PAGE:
Implementing a hybrid learning model will be among the greatest tasks schools have taken on in recent time. The training, coordination, communication and curriculum development all will be large tasks.

In a hybrid model, schools deliver both In-School instruction and Off-Site (or distance) learning. Curriculums need to be aligned. Throughout implementation, safety needs to remain No. 1 with specific protocols and training in place.

MREA prepared this guide outlining the key actions to take as school leaders implement and operationalize a hybrid model:

Key Steps

  1. Align grade levels and departments
  2. Complete staff assignments
  3. Make school calendar adjustments, if needed
  4. Allocate technology for students
  5. Install temporary physical modifications for health and safety
  6. Adhere to safety protocols
  7. Finalize safe transportation plans
  8. Coordinate nutrition services
  9. Prepare for COVID-19 cases
  10. Communicate throughout from the inside out

Taking Action

1. Align grade levels and departments

All school staff need to be aligned on the key concepts and skills to be taught as well as agree on a pacing schedule with the hybrid model. Set up regular virtual meetings to communicate plans and continue close coordination.

Resources to bring your staff, curriculum and plan together:

  • Presentation by the Regional Centers of Excellence (RCE)
  • Course on Hybrid Learning by South Central Service Cooperative (SCSC)
  • Continue training staff through the district’s Learning Management System(s) (LMS) and consider going to one LMS for simplicity for families.
  • With your IT staff, plan how teachers and students will meet the MDE guidance on minimum hour requirements (found on pages 50-53 of  MDE Planning Guidance)
  • Consider putting teams of teachers together for the same grade level or secondary academic discipline. Determine who will deliver distance learning and who will provide in-school instruction. For example, some could handle all distance learning lessons and contact, including hybrid students when they are not in-school. Then, in-school teachers would focus on in-school instruction.
  • Consider training and coaching for teachers who will be primarily providing off-site learning. This may be due to underlying health conditions or in courses that do not lend themselves to in-person instruction in COVID-19.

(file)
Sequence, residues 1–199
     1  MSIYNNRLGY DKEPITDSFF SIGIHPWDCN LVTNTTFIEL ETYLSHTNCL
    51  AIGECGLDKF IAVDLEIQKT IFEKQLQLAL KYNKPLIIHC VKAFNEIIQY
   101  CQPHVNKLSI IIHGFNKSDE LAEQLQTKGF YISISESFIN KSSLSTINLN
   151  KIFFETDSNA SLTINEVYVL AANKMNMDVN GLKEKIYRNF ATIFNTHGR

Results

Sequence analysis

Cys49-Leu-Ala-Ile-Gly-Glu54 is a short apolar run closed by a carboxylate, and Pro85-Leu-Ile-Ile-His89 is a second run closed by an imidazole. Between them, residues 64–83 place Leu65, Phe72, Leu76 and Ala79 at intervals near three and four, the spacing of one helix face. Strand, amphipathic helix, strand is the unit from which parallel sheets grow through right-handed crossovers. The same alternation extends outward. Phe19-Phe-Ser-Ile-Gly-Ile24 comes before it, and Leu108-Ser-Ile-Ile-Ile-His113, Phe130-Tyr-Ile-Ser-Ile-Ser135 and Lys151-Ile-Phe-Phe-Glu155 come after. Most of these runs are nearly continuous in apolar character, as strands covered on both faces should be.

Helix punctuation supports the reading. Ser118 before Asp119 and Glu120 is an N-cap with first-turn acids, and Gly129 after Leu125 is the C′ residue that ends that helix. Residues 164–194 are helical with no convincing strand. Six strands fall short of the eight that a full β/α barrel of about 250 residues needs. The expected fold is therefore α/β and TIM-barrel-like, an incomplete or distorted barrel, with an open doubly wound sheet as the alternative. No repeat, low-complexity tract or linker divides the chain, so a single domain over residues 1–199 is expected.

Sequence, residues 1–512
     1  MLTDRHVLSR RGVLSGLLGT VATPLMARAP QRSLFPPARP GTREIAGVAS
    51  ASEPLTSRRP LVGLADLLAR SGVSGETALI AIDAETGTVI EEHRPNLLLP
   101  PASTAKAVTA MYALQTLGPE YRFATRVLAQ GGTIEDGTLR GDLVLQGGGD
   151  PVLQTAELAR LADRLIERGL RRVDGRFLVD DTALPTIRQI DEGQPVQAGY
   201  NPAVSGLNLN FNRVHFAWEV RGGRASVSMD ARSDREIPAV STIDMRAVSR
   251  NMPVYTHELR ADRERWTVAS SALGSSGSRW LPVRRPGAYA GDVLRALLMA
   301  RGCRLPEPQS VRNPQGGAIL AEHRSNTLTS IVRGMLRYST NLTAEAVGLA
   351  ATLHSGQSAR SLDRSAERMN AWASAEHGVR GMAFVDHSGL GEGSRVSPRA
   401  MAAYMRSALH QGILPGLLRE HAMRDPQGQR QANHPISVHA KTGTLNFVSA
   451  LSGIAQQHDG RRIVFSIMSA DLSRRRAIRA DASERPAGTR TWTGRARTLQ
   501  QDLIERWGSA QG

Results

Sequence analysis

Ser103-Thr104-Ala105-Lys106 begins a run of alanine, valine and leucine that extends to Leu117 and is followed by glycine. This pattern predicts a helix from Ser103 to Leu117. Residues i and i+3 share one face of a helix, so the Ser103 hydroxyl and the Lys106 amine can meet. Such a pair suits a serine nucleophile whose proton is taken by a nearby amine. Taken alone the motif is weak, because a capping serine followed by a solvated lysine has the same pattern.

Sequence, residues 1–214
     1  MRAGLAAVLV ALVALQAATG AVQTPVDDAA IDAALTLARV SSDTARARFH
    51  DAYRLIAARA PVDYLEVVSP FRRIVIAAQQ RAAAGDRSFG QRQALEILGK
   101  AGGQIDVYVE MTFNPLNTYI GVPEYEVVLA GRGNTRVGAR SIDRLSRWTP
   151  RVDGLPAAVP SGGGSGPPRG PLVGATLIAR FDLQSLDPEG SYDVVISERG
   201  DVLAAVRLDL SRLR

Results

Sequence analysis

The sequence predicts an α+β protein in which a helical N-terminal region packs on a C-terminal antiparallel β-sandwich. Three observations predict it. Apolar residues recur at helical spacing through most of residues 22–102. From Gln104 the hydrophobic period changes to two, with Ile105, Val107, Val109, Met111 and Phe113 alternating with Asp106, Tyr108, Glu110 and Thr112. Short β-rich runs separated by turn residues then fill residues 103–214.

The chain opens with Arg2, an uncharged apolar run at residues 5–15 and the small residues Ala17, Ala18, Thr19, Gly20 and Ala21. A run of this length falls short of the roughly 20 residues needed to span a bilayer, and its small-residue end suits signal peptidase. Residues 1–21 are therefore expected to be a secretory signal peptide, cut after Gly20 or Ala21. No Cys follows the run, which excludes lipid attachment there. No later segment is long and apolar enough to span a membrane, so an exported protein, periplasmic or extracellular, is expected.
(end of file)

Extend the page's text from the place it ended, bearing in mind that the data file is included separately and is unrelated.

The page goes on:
• This is also the time to assess your returning learners to determine needs and align staffing accordingly. NWEA, an MREA partner, has a limited number of free assessments for districts new to NWEA. These assessments can now be done remotely from home. Learn more or contact Amy Hansen-Bhutta at: or 218-316-0385.

2. Complete staff assignments

Schools will need to work with unions and likely develop Memorandums of Understanding on adjustments needed in the master agreements to accommodate staff working in hybrid with distance learning.

What to consider:

Alex Liuzzi, executive director of Minnesota’s Professional Educator Licensing & Standards Board (PELSB), provides this guidance:

  • If the proposed teacher assignment is out of the license area, apply. for an Out of Field Permission (OFP) from PELSB.
  • Both the district and teacher, who is considered the applicant, must sign and date the permission indicating approval.
  • This permission must be posted for 15 days for a teacher’s first OFP, and 60 days for additional OFPs. Districts may apply for a Discretionary Variance.
  • Attach the answers to the questions on the Discretionary Variance Request form on district letterhead.
  • A teacher can have up to five OFPs in a career, but PELSB can grant additional OFP’s for “good cause.”

3. Make school calendar adjustments

The hybrid learning model requires a different pace and rhythm. Some schools may choose to change their start and end dates or scheduled days off for students. Determine if you need to amend your school calendar to provide time to prepare to open in a hybrid model and get board approval.

What to consider:

  • In the hybrid model, all days are instructional days for students whether they are in the school for instruction or at home doing the work assigned and consulting with teachers during office hours.
  • For those in off-site learning, all days are instructional days whether the work is synchronous or asynchronous. Students and teachers need to connect daily in some manner.
  • Calculate hours of instruction to meet MDE guidance on meeting minimum hour requirements (found on pages 50-53 of MDE Planning Guidance).
  • Determine if you need changes for staff development.
  • MDE reopened the flexible year applications if you want to start before Labor Day. See application.
  • Consider starting in distance learning and shift to hybrid with distance learning when you can do it safely.

4. Allocate technology for students

Access to technology plays a key role in a hybrid learning for students. Figure out the technology that students are going to use and how the information and activities can be loaded for students who do not have internet at home in the hybrid model. If you’re lacking resources, look to community partners and businesses to help meet student needs.